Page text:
Structural Basis for Mobility in the 1.1 A Crystal Structure of the NG Domain of Thermus aquaticus FfhRamirez, U.D., Minasov, G., Focia, P.J., Stroud, R.M., Walter, P., Kuhn, P., Freymann, D.M.
(2002) J.Mol.Biol. 320: 783-799
- PubMed: 12095255
- Also Cited By: 2J45, 2J46
- PubMed Abstract:
The NG domain of the prokaryotic signal recognition protein Ffh is a two-domain GTPase that comprises part of the prokaryotic signal recognition particle (SRP) that functions in co-translational targeting of proteins to the membrane. The interface be ...
The NG domain of the prokaryotic signal recognition protein Ffh is a two-domain GTPase that comprises part of the prokaryotic signal recognition particle (SRP) that functions in co-translational targeting of proteins to the membrane. The interface between the N and G domains includes two highly conserved sequence motifs and is adjacent in sequence and structure to one of the conserved GTPase signature motifs. Previous structural studies have shown that the relative orientation of the two domains is dynamic. The N domain of Ffh has been proposed to function in regulating the nucleotide-binding interactions of the G domain. However, biochemical studies suggest a more complex role for the domain in integrating communication between signal sequence recognition and interaction with receptor. Here, we report the structure of the apo NG GTPase of Ffh from Thermus aquaticus refined at 1.10 A resolution. Although the G domain is very well ordered in this structure, the N domain is less well ordered, reflecting the dynamic relationship between the two domains previously inferred. We demonstrate that the anisotropic displacement parameters directly visualize the underlying mobility between the two domains, and present a detailed structural analysis of the packing of the residues, including the critical alpha4 helix, that comprise the interface. Our data allows us to propose a structural explanation for the functional significance of sequence elements conserved at the N/G interface.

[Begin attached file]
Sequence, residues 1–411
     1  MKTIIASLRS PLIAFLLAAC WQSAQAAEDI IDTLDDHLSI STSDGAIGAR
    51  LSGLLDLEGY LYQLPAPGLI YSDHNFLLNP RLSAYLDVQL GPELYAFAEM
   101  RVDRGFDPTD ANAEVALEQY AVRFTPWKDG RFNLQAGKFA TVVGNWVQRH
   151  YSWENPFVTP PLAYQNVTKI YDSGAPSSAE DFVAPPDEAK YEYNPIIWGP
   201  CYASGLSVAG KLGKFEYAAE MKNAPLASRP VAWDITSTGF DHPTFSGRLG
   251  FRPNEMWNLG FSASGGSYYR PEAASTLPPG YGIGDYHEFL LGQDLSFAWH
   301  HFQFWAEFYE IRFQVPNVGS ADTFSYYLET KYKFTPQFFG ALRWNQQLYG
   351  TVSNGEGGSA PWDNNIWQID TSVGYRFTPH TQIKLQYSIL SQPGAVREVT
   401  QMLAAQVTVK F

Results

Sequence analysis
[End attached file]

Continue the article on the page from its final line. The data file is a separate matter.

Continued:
Department of Molecular Pharmacology and Biological Chemistry, Northwestern University Medical School, 303 E Chicago Avenue, MC S215, Chicago, IL 60611-3008, USA.